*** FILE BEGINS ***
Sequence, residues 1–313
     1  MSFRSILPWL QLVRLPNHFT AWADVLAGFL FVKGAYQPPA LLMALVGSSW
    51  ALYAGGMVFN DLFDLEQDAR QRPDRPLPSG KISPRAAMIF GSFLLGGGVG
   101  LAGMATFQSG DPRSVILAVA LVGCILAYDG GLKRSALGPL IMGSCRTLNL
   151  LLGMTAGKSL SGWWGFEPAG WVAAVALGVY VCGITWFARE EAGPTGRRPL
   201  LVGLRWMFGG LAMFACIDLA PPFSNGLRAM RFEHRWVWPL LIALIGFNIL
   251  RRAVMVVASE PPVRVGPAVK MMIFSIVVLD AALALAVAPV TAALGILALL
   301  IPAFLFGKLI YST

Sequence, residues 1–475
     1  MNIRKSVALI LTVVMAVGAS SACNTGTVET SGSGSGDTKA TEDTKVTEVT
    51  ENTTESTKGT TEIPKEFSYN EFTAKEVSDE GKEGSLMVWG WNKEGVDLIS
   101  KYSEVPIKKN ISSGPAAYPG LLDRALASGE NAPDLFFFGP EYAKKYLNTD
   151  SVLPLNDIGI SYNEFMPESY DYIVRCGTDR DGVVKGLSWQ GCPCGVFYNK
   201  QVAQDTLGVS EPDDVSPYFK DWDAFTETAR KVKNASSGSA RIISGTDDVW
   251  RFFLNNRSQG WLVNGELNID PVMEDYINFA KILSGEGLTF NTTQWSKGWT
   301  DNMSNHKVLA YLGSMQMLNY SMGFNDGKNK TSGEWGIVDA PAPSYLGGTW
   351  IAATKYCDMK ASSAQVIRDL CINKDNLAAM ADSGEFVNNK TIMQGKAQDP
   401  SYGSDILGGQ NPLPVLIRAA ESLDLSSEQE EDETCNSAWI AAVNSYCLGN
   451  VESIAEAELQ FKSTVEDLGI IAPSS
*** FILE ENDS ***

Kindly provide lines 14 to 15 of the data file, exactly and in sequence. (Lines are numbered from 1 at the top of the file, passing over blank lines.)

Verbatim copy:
   201  QVAQDTLGVS EPDDVSPYFK DWDAFTETAR KVKNASSGSA RIISGTDDVW
   251  RFFLNNRSQG WLVNGELNID PVMEDYINFA KILSGEGLTF NTTQWSKGWT